“If you make any money, the government shoves you in the creek once a year with it in your pockets, and all that don't get wet you can keep” ~
~ Will Rogers (American entertainer, famous for his pithy and homespun humour, 1879-1935) ~
Reflections in Howell Creek inside Mead Gardens, Winter Park along with the Cypress Knees ~
MEAD GARDENS ~
Flourishing in Winter Park, amid homes, businesses and academic environments, is Mead Garden. This park, dedicated in 1940, began as about 50 acres of upland hammocks and lower wetlands, with streams lakes and ponds in their natural state.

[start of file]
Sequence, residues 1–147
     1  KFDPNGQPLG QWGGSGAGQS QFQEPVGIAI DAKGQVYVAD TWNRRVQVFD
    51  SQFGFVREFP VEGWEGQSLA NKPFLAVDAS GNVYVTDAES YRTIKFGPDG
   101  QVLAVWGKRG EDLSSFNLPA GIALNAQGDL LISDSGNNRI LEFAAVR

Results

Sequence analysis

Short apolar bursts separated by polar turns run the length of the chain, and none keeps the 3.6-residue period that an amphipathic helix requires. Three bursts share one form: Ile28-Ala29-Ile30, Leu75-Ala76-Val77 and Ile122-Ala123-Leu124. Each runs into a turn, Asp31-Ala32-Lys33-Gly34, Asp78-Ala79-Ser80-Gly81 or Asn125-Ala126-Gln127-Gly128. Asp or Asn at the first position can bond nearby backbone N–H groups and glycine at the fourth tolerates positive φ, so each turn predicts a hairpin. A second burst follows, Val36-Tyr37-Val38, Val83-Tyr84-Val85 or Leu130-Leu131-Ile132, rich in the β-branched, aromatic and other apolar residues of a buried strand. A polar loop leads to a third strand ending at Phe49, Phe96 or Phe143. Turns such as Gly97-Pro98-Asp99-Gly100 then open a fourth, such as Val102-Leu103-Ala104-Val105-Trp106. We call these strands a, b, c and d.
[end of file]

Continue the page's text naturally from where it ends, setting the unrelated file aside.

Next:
Theodore L. Mead, was a world-renowned horticulturist who grew orchids and developed new varieties of caladiums, rare ferns, bromeliads, and many more. After his death in 1936, two of his friends, Jack Connery, who Mead had met as an Eagle Scout, and Dr. Edwin Grover, philanthropist, civic leader and Professor of Books at Rollins College, sought a location not only to house Mead's orchids, but also to develop a botanical garden in his name and memory. A sizable area bordering Pennsylvania Avenue, in which Howell Creek connects Lake Sue and Lake Virginia, seemed ideal. This lush habitat hosted an abundance of wildlife, including herons and egrets nesting around Lake Lillian as well as small waterfalls created by a nine-foot drop between the two lakes in this pristine, wild expanse. The land covers 70 acres at the present time.